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It's the other U.S. debt problem. States are scrambling to close $114 billion in budget shortfalls over the next year and a half. For now, they can borrow at curiously low rates in the bond market — but they better hurry.
America may not make as many goods as it used to, but it's moving goods around at a pace not seen since before the recession.
For a vivid display of the current economic conditions, Pimco's Bill Gross harkens back to a 1981 Billy Joel song to assert that we're all living in "Allentown" now.
The RBC reported that consumer confidence rose 3.2 points from November at 45.2—the highest level since the recession began. Although the number is up, it’s still lower than the average, which is at 50.
Reports from the twelve Federal Reserve Districts indicate that the economy continued to improve, on balance, during the reporting period from early/mid-October to mid-November.
Planned job cuts for November were 28 percent higher than those reported for October, a report by global outplacement consultancy Challenger, Gray & Christmas showed Wednesday.
Legislatures around the country may have to make more spending cuts over the next couple of years because of dwindling help from the federal government and a slow recovery in tax revenue, according to a new report.
Technical analyst Charles Nenner, who sees a correlation between sunspots and the stock market and other types of activity, told CNBC Tuesday that there would be a major military conflict starting at the end of 2012 and early 2013.
Shipments of RVs, an economic indicator, for 2011 are expected to be up 8.2 percent from those this year. Currently, about 8.3 million households now own an RV.
More European countries will need bailouts until policy makers address the underlying causes of their financial problems, which include too much government debt and not enough spending controls, Pimco's Mohamed El-Erian told CNBC.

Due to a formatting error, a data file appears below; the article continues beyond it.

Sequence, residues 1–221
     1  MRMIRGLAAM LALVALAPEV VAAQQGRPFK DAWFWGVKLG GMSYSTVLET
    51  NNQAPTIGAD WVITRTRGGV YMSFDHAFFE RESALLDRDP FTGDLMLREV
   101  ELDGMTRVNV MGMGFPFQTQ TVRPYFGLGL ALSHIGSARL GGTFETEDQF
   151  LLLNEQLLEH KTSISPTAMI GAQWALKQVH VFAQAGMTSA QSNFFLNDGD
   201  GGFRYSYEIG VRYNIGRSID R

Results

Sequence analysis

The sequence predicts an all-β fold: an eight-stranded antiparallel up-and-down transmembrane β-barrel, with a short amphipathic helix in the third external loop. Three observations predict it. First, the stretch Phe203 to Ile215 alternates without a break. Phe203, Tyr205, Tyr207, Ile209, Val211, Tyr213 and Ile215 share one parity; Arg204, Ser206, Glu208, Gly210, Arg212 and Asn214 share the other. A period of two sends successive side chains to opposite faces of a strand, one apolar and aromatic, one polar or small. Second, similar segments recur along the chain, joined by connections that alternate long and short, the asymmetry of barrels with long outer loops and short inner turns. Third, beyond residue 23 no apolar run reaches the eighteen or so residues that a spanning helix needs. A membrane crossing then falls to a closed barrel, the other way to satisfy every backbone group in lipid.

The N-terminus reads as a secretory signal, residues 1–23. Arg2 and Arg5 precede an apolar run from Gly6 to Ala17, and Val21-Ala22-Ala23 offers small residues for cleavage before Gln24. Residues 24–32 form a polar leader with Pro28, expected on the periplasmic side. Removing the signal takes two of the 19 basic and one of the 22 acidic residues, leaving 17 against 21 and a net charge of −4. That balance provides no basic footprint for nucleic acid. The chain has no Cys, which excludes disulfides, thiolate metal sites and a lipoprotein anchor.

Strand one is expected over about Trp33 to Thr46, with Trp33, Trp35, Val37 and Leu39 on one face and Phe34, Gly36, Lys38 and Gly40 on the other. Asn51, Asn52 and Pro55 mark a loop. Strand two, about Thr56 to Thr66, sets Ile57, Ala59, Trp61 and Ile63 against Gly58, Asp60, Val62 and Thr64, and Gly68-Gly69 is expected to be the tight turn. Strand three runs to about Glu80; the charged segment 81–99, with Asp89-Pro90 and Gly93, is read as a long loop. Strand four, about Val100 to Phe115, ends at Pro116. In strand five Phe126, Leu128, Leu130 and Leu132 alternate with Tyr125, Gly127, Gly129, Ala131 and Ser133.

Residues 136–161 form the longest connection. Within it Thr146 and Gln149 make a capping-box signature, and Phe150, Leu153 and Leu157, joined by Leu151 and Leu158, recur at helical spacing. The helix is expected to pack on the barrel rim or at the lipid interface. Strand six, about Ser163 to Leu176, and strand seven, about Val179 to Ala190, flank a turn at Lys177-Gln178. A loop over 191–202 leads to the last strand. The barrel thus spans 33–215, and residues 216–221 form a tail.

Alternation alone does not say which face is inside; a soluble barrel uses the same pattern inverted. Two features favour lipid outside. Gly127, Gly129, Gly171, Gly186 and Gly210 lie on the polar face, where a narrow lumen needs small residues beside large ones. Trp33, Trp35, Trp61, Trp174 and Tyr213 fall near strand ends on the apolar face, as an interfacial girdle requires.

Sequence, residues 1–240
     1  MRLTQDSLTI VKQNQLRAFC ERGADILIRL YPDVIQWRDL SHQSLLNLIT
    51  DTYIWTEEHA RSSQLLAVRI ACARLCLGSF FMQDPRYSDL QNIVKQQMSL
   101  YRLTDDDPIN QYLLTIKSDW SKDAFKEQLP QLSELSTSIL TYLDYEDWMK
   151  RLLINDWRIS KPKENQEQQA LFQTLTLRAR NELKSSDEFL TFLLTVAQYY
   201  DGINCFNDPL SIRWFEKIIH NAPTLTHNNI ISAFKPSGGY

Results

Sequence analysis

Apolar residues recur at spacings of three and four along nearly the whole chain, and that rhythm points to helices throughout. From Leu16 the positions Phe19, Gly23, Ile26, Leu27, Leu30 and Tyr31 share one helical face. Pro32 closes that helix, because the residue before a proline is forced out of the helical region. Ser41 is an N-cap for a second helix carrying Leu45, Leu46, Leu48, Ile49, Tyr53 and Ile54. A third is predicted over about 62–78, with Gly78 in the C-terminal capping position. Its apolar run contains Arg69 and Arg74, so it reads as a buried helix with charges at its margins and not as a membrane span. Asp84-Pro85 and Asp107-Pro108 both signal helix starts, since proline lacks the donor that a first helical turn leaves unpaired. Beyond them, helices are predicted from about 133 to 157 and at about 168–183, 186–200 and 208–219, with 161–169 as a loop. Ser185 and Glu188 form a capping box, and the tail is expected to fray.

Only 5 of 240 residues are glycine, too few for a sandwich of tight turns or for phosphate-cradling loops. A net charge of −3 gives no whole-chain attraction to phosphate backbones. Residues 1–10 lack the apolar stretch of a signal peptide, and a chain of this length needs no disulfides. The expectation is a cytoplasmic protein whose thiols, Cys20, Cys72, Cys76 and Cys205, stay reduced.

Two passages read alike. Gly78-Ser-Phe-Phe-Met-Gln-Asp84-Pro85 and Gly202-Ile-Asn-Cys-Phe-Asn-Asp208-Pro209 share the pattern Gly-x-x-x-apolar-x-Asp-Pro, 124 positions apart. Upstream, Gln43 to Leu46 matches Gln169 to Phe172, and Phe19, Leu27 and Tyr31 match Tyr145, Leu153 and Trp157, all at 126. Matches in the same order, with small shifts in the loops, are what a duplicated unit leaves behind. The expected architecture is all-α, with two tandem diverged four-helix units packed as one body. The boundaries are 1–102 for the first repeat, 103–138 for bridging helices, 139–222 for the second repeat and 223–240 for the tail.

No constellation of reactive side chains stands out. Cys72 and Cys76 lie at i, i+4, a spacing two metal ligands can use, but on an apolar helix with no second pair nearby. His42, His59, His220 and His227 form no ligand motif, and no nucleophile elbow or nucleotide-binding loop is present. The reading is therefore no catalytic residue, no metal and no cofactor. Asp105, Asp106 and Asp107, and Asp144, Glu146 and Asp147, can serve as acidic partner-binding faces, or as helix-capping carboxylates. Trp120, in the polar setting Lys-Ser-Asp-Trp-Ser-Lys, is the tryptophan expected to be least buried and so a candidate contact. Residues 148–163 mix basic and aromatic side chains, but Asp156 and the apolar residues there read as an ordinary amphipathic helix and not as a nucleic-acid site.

Ireland, North and South Korea, Congress and more - here's what you need to know for this week.
The Food and Drug Administration would have to step up inspections of food plants under legislation the Senate is expected to pass this week.
The world is on the brink of another financial crisis if the economic theories shaping today’s financial and public policy are not killed off, John Quiggin, author of "Zombie Economics: How Dead Ideas Still Walk Among Us," told CNBC Friday.
The US needs to take urgent action to cut its debt in order to prevent the next financial crisis, which may start in Washington, Sheila Bair, chair of the Federal Deposits Insurance Corp. (FDIC) wrote in an editorial in the Washington Post.
Tom DeLay, one of the most powerful and divisive Republican lawmakers ever to come out of Texas, was convicted Wednesday of money-laundering charges in a state trial, five years after his indictment here forced him to resign as majority leader in the House of Representatives, the New York Times reports.
It may not have felt like a red-hot summer, but in the three months between July and September, US businesses netted more money than in any quarter since the government started keeping records.
Stocks are getting ripped by North Korea and Ireland, with all the fears that go along with those two stories. People should not panic. A lot of good news out there is suggesting a strong economy, regardless of what the Fed says.
Read the full text of the minutes from the Federal Open Market Committee's November 2-3 meeting here.
The rebound in the U.S. economy until the third quarter was concentrated in the goods-producing sector of the economy, something quite evident in data on personal spending on durable goods, particularly compared to data for spending on services. Given the fact that the U.S. economy is a service-oriented economy, the composition of consumer spending had therefore been skewed unfavorably in terms of what is best for job growth.
States with some of the highest unemployment in the country showed some improvement in October, though the decline partly reflected an increase in people who gave up looking for work.